Friday, January 28, 2011

Booktalk: Abe's Fish by Jen Bryant [Generosity; 2]

[Start by showing p. {6}: Abe's mom is stirring a pot, and Abe is next to her.] Abe and his family are poor, thin, and hungry. For the last few days, they've been living off turnip soup and little green apples. [Turn to next page: Abe is fishing.] Abe really wants to catch a fish to feed his hungry family. When he does, he is so proud of himself: his family will be overjoyed, and they'll eat well. But when he meets an American soldier on the road, he remembers his Ma's words, "We must be good to the soldiers." The soldier's head is bandaged. Like young Abe, he looks poor. Abe has a serious dilemma, and he only has one fish. This is based on a true story: Abe's Fish: A Boyhood Tale of Abraham Lincoln by Jen Bryant.

Abe's Fish: A Boyhood Tale of Abraham Lincoln by Jen Bryant. Illustrated by Amy June Bates. Unpaged. Sterling, New York, 2009. Booktalk to elementary, internediate grades. Includes a great section in the back with more biographical info on Abraham Lincoln.

Saturday, January 22, 2011

Booktalk: The Secret River by Marjorie Kinnan Rawlings [Generosity; 1]

[Booktalker’s note: I am using the newest one, the 2011 one which is illustrated by Leo and Diane Dillon].

[Show readers page [4], which has Calpurnia at her dresser, fixing her hair.] This is Calpurnia, who lives in a forest in Florida with her family and her loyal but lazy dog, Buggy-horse. She work up early today because she had the feeling something special would happen. [Turn to the next page, which shows Calpurnia at the breakfast table with her family.] When Calpurnia is eating breakfast with her family, her father tells them that hard times have come to the forest, and that he can’t catch any fish. No fish means no money and no food for their family. Calpurnia’s family is in big trouble. Well, Calpurnia decides to take matters in her own hands. She seeks out a wise woman, Mother Albirtha, who tells her a secret. It’s an important secret. It could save Calpurnia’s family, and maybe save the other poor people, too. It has to do with a secret river, full of all kinds of delicious fish, waiting to be caught. This is powerful knowledge. What will Calpurnia do to find this secret river, and if she finds it, what will she do with the fish? The Secret River by Marjorie Kinnan Rawlings.

The Secret River by Marjorie Kinnan Rawlings. Illustrated by Leo and Diane Dillon. 2011: Atheneum [it was first published in a slightly longer form posthumously, and was awarded a Newbery Honor in 1956]. Booktalk to elementary school, and elementary intermediate grades. This would also make a great classroom read-aloud.

Friday, January 21, 2011

Booktalk: Reality Check by Jen Calonita [Teen Chick Lit; 3]

You know how you act differently if you think a lot of people are watching you, and scrutinizing your actions? Try having the whole country watching you. That’s the case with Charlie. When we first meet her, she’s the ringleader of a group of very tight high school girls. They live in a small town and do small-town stuff. Charlie, for example, works at a coffeehouse called Milk and Sugar. Pretty normal. But there’s a woman who keeps coming in to Milk and Sugar every day, from out of town, asking Charlie a lot of questions, admiring her spirit and personality, and supposedly catching up on some reading. She even wants to meet Charlie’s friends and learn as much as she can about them. There’s Brooke, with red hair and a very direct manner; Hallie, with long curly brown hair, the daughter of local restaurant owners; and Keiran, Charlie’s oldest friend, who is blonde and super pretty and spends a lot of her free time babysitting her younger siblings. The girls are a team, and a very attractive one. The woman, as it turns out, is from the Fire and Ice Network, sort of like MTV, which produces teen reality shows. She offers the girl a contract, with mega-bucks and glamorous parties attached. The show is going to be called “The Cliffs,” after Cliffside, the name of their small beach community town. But there’s a real danger to exposing your private life and your friendships and your feelings to the whole world. Can these close friends stay true to each other and expose themselves to the whole country? Reality Check by Jen Calonita.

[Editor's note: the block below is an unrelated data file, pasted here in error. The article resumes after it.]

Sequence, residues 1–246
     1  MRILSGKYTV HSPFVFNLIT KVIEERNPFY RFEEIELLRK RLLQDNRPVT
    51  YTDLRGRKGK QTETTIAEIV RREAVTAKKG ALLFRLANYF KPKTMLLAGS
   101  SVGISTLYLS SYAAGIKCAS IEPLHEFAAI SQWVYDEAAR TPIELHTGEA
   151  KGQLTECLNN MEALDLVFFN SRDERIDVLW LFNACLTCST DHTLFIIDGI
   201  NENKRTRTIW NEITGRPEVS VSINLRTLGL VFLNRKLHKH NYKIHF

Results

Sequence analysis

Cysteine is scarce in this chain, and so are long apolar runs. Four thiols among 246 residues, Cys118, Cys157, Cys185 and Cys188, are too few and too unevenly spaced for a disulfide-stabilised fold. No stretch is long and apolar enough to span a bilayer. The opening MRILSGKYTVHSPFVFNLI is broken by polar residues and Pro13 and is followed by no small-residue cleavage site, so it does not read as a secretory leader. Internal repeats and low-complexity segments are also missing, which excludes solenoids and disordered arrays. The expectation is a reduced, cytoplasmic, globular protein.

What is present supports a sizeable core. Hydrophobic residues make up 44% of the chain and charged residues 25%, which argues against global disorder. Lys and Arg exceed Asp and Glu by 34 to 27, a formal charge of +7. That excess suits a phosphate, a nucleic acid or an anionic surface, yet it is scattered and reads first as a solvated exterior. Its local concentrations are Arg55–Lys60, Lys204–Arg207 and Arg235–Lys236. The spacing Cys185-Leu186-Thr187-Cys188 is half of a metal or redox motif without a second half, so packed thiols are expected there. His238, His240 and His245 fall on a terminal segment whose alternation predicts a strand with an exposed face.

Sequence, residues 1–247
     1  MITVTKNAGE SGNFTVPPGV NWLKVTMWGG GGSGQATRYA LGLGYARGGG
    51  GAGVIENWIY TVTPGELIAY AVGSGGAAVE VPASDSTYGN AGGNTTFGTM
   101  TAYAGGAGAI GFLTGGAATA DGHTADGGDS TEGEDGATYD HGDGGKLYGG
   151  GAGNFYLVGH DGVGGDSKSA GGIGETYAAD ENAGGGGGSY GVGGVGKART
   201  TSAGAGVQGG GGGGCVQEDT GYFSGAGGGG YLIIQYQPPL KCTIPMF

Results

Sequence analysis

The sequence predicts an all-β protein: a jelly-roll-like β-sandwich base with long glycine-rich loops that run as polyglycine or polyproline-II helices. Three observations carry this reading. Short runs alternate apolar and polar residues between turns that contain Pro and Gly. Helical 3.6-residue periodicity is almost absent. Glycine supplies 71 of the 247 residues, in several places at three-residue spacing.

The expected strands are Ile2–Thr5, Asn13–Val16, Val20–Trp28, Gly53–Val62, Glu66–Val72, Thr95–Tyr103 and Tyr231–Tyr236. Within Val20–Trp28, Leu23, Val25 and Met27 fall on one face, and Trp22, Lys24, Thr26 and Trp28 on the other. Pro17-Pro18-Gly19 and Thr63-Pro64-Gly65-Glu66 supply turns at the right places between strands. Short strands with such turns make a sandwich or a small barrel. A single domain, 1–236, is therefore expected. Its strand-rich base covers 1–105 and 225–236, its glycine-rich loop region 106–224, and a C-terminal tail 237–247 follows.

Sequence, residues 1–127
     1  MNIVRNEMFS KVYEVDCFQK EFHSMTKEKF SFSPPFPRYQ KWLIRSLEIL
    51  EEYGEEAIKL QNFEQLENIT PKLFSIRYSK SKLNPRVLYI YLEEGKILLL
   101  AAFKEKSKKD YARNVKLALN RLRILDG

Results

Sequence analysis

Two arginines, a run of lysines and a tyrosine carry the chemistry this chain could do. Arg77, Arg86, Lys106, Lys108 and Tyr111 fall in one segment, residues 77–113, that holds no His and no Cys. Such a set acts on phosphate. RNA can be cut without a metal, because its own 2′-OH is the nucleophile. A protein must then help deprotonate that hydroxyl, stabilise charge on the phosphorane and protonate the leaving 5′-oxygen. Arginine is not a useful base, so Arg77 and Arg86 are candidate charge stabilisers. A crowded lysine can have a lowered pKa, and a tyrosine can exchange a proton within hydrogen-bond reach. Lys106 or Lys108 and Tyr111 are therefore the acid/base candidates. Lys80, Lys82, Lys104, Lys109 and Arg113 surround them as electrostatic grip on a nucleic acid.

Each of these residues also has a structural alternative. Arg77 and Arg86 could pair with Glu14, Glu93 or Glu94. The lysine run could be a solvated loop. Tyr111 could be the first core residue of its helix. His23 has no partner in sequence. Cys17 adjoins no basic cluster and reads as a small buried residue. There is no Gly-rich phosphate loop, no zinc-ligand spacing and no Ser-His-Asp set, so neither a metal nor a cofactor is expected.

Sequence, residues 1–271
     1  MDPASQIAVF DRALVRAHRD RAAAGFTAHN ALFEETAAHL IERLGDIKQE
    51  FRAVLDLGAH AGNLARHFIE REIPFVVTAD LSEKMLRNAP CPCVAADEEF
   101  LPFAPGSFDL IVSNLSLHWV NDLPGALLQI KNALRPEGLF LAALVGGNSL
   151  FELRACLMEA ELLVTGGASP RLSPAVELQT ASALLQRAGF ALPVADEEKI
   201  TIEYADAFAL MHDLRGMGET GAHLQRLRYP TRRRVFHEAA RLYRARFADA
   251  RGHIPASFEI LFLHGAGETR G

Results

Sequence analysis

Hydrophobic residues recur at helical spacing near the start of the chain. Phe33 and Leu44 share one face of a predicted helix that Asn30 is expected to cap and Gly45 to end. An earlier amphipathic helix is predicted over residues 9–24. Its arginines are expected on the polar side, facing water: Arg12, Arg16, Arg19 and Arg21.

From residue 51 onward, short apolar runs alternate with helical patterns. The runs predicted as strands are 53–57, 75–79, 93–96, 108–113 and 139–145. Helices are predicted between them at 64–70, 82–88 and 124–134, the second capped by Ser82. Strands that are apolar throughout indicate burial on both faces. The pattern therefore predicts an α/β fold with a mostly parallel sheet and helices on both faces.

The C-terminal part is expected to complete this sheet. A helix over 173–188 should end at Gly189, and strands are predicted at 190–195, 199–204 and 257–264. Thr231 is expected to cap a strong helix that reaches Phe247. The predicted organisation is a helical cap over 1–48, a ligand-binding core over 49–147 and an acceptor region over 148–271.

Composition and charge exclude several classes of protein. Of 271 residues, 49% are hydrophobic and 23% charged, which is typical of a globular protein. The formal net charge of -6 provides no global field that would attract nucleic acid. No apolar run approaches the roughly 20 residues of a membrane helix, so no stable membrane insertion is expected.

Reality Check by Jen Calonita. 277 p. Poppy/Little, Brown: 2010. Booktalk to high school, possibly adults who like chick lit.

Tuesday, January 18, 2011

Booktalk: Vintage Veronica by Erica S. Perl [Teen Chick Lit; 2]

If you saw 15-year-old Veronica walking down the street, you’d notice her clothes first. She might have on a bright pink poufy skirt from the 1950s, men’s bowling shoes, cat-eye glasses, and a vintage guayabera shirt. You’d also notice that, besides being pretty, she’s on the heavy side. At school, Veronica has been both picked on and ignored due to her weight. Let’s just say she has trust issues with other teens. But Veronica is talented, and she’s got a really cool job at this vintage clothing store called The Consignment Corner, secluded away from the public in her little corner two flights up, deciding on which clothes get sold to the public and which ones get trashed. It’s actually a really important job there. The owners noticed that she has a real eye for clothing: she knows her styles, cut, materials, and details. She’s an expert on vintage clothes, unlike the other employees. Speaking of the other employees, they’re starting to notice Veronica. The two alpha girls who work retail, Zoe and Ginger, will now actually talk to Veronica and seek her out, even though she’s a little afraid of them both. They’re charismatic, self-confident, and mean. And then there’s this boy called the Nail (real name: Lenny) . He’s a stockboy whom Zoe and Ginger make fun of. But Veronica starts to think he’s kind of cute, and he’s actually really nice to her: that’s a first, with Veronica and guys. But Zoe and Ginger hate Lenny, and he doesn’t exactly like them, either. Remember that Veronica is vulnerable – she’s got practically no dating history, and she’s hungry both for female friends and a little male attention. Whom will she chose? Or will Veronica screw it up and lose them all? Vintage Veronica by Erica S. Perl.